This library provides aggregating operators over the solutions of a predicate. The operations are a generalisation of the bagof/3, setof/3 and findall/3 built-in predicates. The defined aggregation operations are counting, computing the sum, minimum, maximum, a bag of solutions and a set of solutions. We first give a simple example, computing the country with the smallest area:
smallest_country(Name, Area) :- aggregate(min(A, N), country(N, A), min(Area, Name)).
- aggregate vs. aggregate_all
- The aggregate predicates use setof/3
(aggregate/4) or bagof/3
dealing with existential qualified variables (Var
^Goal) and providing multiple solutions for the remaining free variables in Goal. The aggregate_all/3 predicate uses findall/3, implicitly qualifying all free variables and providing exactly one solution, while aggregate_all/4 uses sort/2 over solutions that Discriminator (see below) generated using findall/3.
- The Discriminator argument
- The versions with 4 arguments provide a Discriminator argument that
allows for keeping duplicate bindings of a variable in the result. For
example, if we wish to compute the total population of all countries, we
do not want to lose results because two countries have the same
population. Therefore we use:
aggregate(sum(P), Name, country(Name, P), Total)
All aggregation predicates support the following operators below in
Template. In addition, they allow for an arbitrary named compound term,
where each of the arguments is a term from the list below. For example,
r(min(X), max(X)) computes both the minimum and
maximum binding for X.
- Count number of solutions. Same as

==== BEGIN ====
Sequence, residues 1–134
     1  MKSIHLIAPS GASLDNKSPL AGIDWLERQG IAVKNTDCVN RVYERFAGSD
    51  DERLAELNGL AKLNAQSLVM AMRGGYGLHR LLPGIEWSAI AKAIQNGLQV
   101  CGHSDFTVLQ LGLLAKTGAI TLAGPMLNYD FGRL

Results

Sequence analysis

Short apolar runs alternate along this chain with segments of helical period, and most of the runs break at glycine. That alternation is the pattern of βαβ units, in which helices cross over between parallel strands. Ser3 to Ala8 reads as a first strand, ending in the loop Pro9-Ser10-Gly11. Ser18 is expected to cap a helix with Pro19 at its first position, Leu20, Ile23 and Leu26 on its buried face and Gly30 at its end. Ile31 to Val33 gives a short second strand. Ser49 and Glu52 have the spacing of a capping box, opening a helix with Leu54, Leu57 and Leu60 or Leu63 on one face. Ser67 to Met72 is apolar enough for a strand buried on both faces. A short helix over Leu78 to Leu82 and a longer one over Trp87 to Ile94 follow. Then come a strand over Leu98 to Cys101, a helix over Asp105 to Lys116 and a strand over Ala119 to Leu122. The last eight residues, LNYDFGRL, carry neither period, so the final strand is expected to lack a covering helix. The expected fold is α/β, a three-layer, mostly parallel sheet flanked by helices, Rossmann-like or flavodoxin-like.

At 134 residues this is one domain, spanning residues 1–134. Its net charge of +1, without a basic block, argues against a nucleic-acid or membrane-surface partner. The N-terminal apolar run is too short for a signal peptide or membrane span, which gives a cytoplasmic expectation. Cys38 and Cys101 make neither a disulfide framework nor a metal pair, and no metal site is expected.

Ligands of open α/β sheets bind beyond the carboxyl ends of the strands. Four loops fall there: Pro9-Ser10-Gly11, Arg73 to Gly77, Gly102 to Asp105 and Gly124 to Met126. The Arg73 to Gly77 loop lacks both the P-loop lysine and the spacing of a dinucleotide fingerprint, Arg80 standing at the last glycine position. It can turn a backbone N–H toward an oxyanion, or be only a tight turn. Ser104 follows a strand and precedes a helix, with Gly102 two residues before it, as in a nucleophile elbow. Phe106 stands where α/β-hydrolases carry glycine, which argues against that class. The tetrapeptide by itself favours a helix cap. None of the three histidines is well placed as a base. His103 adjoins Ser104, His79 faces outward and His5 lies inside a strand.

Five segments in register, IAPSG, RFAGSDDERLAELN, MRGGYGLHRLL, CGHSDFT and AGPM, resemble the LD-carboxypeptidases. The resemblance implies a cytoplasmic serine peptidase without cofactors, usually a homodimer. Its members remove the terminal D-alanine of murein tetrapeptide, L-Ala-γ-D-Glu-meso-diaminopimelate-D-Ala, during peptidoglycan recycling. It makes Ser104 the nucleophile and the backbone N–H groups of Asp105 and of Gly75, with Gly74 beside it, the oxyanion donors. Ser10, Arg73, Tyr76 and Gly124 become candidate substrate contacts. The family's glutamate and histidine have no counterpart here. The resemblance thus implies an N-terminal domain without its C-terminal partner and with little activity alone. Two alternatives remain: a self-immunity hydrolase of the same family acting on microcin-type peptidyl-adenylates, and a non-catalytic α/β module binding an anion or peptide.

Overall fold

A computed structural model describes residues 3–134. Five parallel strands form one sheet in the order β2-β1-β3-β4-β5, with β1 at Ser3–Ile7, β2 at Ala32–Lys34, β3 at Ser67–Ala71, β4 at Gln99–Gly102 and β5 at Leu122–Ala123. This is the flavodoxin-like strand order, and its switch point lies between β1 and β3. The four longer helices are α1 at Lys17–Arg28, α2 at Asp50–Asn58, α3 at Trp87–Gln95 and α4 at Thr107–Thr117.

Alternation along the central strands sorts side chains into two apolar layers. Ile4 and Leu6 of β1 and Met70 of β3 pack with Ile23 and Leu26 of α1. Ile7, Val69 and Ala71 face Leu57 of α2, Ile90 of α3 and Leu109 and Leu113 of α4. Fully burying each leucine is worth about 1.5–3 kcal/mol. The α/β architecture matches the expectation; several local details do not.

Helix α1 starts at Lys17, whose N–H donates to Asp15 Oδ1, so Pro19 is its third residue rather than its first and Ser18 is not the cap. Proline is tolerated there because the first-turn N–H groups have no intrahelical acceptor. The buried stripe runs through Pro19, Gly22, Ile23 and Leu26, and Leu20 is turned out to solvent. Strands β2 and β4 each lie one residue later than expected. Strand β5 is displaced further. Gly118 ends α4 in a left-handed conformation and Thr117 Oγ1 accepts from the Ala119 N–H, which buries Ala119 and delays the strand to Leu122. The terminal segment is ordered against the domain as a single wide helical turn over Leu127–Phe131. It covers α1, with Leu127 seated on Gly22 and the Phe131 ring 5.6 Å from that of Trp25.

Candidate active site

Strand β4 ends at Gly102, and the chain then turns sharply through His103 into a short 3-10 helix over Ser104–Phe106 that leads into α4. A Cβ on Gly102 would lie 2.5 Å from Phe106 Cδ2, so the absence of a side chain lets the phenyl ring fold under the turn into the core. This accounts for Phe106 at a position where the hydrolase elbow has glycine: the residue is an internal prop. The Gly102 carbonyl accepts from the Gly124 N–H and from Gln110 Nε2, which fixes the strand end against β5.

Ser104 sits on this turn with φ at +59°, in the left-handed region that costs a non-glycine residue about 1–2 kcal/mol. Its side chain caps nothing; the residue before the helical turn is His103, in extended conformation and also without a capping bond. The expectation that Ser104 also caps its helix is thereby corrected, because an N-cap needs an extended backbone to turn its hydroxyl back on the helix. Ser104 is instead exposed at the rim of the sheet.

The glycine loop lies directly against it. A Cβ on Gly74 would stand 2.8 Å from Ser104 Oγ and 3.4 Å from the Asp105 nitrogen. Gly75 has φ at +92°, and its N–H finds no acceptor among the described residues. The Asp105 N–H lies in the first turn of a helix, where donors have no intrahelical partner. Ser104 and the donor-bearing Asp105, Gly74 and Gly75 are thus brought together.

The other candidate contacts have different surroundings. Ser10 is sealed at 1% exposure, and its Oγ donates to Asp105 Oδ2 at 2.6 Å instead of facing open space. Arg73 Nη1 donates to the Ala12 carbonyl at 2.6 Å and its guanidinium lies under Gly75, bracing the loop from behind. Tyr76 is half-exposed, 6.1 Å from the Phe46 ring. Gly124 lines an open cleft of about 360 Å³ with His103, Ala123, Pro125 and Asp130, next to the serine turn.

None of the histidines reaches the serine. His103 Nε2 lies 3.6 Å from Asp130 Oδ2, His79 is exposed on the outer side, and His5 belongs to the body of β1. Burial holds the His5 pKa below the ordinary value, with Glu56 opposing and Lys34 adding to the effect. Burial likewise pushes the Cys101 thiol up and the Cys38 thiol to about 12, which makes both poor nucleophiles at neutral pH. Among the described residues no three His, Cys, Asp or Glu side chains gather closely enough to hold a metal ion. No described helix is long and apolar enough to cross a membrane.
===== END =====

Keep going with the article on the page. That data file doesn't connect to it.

- Sum of Expr for all solutions.
- Minimum of Expr for all solutions.
- min(Expr, Witness)
- A term
min(Min, Witness), where Min is the minimal version of Expr over all solutions, and Witness is any other template applied to solutions that produced Min. If multiple solutions provide the same minimum, Witness corresponds to the first solution.
- Maximum of Expr for all solutions.
- max(Expr, Witness)
min(Expr, Witness), but producing the maximum result.
- An ordered set with all solutions for X.
- A list of all solutions for X.
The development of this library was sponsored by SecuritEase, http://www.securitease.com
- [nondet]aggregate(+Template, :Goal, -Result)
- Aggregate bindings in Goal according to Template. The aggregate/3 version performs bagof/3 on Goal.
- [nondet]aggregate(+Template, +Discriminator, :Goal, -Result)
- Aggregate bindings in Goal according to Template. The aggregate/4 version performs setof/3 on Goal.
- [semidet]aggregate_all(+Template, :Goal, -Result)
- Aggregate bindings in Goal according to Template. The aggregate_all/3 version performs findall/3 on Goal.
- [semidet]aggregate_all(+Template, +Discriminator, :Goal, -Result)
- Aggregate bindings in Goal according to Template. The aggregate_all/4 version performs findall/3 followed by sort/2 on Goal.
- foreach(:Generator, :Goal)
- True if conjunction of results is true. Unlike forall/2,
which runs a failure-driven loop that proves Goal for each
creates a conjunction. Each member of the conjunction is a copy of Goal,
where the variables it shares with Generator are filled with
the values from the corresponding solution.
The implementation executes forall/2 if Goal does not contain any variables that are not shared with Generator.
Here is an example:
?- foreach(between(1,4,X), dif(X,Y)), Y = 5. Y = 5 ?- foreach(between(1,4,X), dif(X,Y)), Y = 3. No
- [det]free_variables(:Generator, +Template, +VarList0, -VarList)
- Find free variables in bagof/setof template. In order to handle
variables properly, we have to find all the universally quantified
variables in the Generator. All variables as yet unbound are
universally quantified, unless
free_variables(Generator, Template, OldList, NewList)finds this set using OldList as an accumulator.